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Reliability, ease of use and usefulness of I-MeDeSA for evaluating drug-drug interaction alerts in an Australian context

  • Melissa T Baysari
  • David Lowenstein
  • Wu Yi Zheng
  • Richard O Day
Open Access
Research article
Part of the following topical collections:
  1. Healthcare Information Systems

Abstract

Background

Recently, attention has shifted to improving the design of computerized alerts via the incorporation of human factors design principles. The Instrument for Evaluating Human Factors Principles in Medication-Related Decision Support Alerts (I-MeDeSA) is a tool developed in the United States to guide improvements to alert design and facilitate selection of electronic systems with superior design. In this study, we aimed to determine the reliability, ease of use and usefulness of I-MeDeSA for assessing drug-drug interaction (DDI) alerts in an Australian context.

Methods

Using the I-MeDeSA, three reviewers independently evaluated DDI alert interfaces of seven electronic systems used in Australia. Inter-rater reliability was assessed and reviewers met to discuss difficulties in using I-MeDeSA and the tool’s usefulness.

Results

Inter-rater reliability was high (Krippendorff’s alpha = 0.76), however, ambiguous wording and the inclusion of conditional items impacted ease of use. A number of items were not relevant to Australian implementations and as a result, most systems achieved an I-MeDeSA score of less than 50%.

Conclusions

The I-MeDeSA proved to be reliable, but item wording and structure made application difficult. Future studies should investigate potential modifications to the I-MeDeSA to improve ease of use and increase applicability to a variety of system configurations.

Keywords

Human factors compliance Computerized alerts Drug-drug interactions 

Abbreviations

CPOE

Computerised Provider Order Entry

DDI

Drug-Drug interaction

EMR

Electronic Medical Record

HF

Human Factors

I-MeDeSA

Instrument for Evaluating Human Factors Principles in Medication-Related Decision Support Alerts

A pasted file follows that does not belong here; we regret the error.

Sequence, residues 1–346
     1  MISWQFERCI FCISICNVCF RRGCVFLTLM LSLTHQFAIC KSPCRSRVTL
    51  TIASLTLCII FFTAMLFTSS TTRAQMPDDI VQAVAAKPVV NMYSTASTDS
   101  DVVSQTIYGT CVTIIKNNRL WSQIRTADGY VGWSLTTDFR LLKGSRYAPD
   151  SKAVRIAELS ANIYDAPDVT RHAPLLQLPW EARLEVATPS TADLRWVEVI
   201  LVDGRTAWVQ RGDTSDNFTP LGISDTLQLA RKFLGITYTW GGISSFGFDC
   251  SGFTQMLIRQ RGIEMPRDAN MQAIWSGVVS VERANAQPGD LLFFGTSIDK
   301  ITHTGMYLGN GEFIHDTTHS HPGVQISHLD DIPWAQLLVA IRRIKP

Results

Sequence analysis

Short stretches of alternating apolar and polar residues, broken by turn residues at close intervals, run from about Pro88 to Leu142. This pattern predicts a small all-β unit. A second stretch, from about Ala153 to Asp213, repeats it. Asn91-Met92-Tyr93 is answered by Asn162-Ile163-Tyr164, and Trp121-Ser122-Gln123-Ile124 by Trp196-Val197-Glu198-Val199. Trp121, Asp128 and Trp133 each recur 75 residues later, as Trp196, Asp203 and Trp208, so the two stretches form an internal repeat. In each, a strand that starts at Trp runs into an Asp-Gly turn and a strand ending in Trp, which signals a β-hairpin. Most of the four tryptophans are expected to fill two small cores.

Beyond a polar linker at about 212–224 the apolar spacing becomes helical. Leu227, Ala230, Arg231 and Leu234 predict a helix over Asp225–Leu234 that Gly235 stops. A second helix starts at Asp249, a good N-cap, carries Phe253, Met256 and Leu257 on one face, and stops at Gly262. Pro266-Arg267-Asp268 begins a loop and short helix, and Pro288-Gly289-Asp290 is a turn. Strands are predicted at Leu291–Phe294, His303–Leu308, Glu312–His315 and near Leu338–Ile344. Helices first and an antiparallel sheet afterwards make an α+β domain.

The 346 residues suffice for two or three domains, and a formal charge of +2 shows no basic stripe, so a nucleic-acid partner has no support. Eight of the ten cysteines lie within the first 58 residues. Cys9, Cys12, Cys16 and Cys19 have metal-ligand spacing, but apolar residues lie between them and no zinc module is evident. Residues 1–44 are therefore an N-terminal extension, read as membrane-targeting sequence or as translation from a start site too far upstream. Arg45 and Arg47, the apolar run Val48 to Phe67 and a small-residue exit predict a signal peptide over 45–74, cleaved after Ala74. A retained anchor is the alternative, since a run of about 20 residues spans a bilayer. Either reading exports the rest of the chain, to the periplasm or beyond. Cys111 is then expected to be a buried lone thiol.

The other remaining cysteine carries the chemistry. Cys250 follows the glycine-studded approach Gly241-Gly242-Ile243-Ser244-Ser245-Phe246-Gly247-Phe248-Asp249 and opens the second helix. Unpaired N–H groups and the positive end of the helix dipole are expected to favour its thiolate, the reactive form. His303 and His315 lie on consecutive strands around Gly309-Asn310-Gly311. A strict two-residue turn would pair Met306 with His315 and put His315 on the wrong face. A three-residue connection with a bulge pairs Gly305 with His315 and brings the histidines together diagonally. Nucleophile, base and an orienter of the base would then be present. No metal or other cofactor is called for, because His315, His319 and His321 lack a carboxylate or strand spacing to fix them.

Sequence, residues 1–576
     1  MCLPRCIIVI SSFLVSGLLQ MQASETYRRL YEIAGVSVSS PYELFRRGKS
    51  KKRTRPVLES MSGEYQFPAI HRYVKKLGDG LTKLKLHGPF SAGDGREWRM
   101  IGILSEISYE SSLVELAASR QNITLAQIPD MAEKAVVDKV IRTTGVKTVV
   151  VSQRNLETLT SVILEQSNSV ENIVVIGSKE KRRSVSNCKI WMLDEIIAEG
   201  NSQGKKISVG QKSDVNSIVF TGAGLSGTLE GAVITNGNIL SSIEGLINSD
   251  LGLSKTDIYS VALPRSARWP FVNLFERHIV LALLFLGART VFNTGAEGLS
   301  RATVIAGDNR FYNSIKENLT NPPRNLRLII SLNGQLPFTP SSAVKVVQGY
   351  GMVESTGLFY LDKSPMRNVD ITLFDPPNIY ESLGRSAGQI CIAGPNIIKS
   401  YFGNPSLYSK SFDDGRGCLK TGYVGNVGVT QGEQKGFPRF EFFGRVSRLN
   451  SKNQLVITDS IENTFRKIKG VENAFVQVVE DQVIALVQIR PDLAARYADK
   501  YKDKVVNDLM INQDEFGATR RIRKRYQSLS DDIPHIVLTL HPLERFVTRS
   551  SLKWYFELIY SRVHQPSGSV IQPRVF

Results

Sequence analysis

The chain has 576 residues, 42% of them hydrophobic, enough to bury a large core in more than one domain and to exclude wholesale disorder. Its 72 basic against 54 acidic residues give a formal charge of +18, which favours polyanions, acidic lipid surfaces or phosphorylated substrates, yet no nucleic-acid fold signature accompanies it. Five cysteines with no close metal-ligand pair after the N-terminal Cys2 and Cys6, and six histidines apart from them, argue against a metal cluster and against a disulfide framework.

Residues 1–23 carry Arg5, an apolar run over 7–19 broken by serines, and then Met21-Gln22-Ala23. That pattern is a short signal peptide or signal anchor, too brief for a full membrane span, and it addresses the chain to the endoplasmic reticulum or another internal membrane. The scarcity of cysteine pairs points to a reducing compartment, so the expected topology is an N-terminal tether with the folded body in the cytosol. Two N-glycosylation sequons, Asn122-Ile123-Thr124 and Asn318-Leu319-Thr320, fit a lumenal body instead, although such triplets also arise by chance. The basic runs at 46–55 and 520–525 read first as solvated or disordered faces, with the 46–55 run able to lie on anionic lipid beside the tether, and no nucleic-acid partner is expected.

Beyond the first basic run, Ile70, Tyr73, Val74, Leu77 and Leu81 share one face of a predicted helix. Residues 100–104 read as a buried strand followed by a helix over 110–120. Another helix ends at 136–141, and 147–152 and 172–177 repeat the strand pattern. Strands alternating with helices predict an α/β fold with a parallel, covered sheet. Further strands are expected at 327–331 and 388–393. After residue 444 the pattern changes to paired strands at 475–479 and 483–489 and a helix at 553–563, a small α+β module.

Background

Drug-drug interactions (DDIs) occur when two or more drugs are taken concurrently and the result is a change in the effect of one or more of the drugs. DDIs can result in adverse effects (e.g. bleeding) or to one or both of the drugs not achieving their therapeutic effect [1]. DDIs are a significant cause of patient morbidity and mortality worldwide [2, 3, 4, 5].

Despite being predictable in nature, potential DDI errors are often missed by prescribers and pharmacists [6]. The sheer volume of known drug interactions is likely to contribute to poor DDI detection. Electronic systems are increasingly being adopted by hospitals all over the world as a means of reducing medication errors, including DDIs. One of the core benefits of these systems is the ability to provide clinicians with information and guidance at the point of care. Computerised decision support can take many forms, the most common being computerised alerts. DDI alerts are often included as a form of decision support in electronic prescribing and dispensing systems to warn prescribers and pharmacists of potential DDIs [7]. Although frequently implemented, previous studies have shown that users override most DDI alerts presented [8, 9, 10, 11]. That is, most alerts are clicked past without alert recommendations being followed.

A variety of factors are likely to be contributing to poor DDI alert acceptance, however alert design has been identified as one of the most important factors [10]. Alert design relates to multiple aspects of alert implementation, including the mechanisms underlying alert generation, alert visual appearance, and the options available to users to accept or reject alert recommendations. Poor alert design is a frequent complaint by users and is viewed as a priority area to enhance alert potential to improve medication safety [12, 13, 14, 15].

Recently, attention has shifted to improving DDI alert design via the incorporation of human factors (HF) design principles [16]. In a recent series of studies, [16, 17] researchers in the United States developed a standardised tool for evaluating DDI alerts in terms of their compliance to HF principles [18]. This tool, the Instrument for Evaluating Human Factors Principles in Medication-Related Decision Support Alerts (I-MeDeSA; see Additional file 1), was developed to guide improvements to DDI alert design and facilitate selection of electronic systems with superior HF design [18].

The I-MeDeSA assesses compliance with nine HF design principles (see Table 1) and is composed of 26 items with binary scoring (i.e. 1 or 0 to indicate a yes or no answer). Initial validation of the tool involved content validation by three HF experts, pilot testing with three electronic medical record (EMR) systems, inter-rater reliability testing, and an evaluation of construct validity via the assessment of alerts in two EMRs of various ages [18]. A subsequent US study utilized the I-MeDeSA to evaluate 14 systems and showed that HF compliance was generally poor [19]. In one of the few applications of the I-MeDeSA outside the US, a Korean-language version of the tool was used by two medical informatics reviewers to assess DDI alerts in a Korean EMR [20]. The tool was found to be useful and generalizable but reviewers identified a number of problems with the tool, including the need for more concrete definitions, clearer rationale for each item and more explicit examples [20].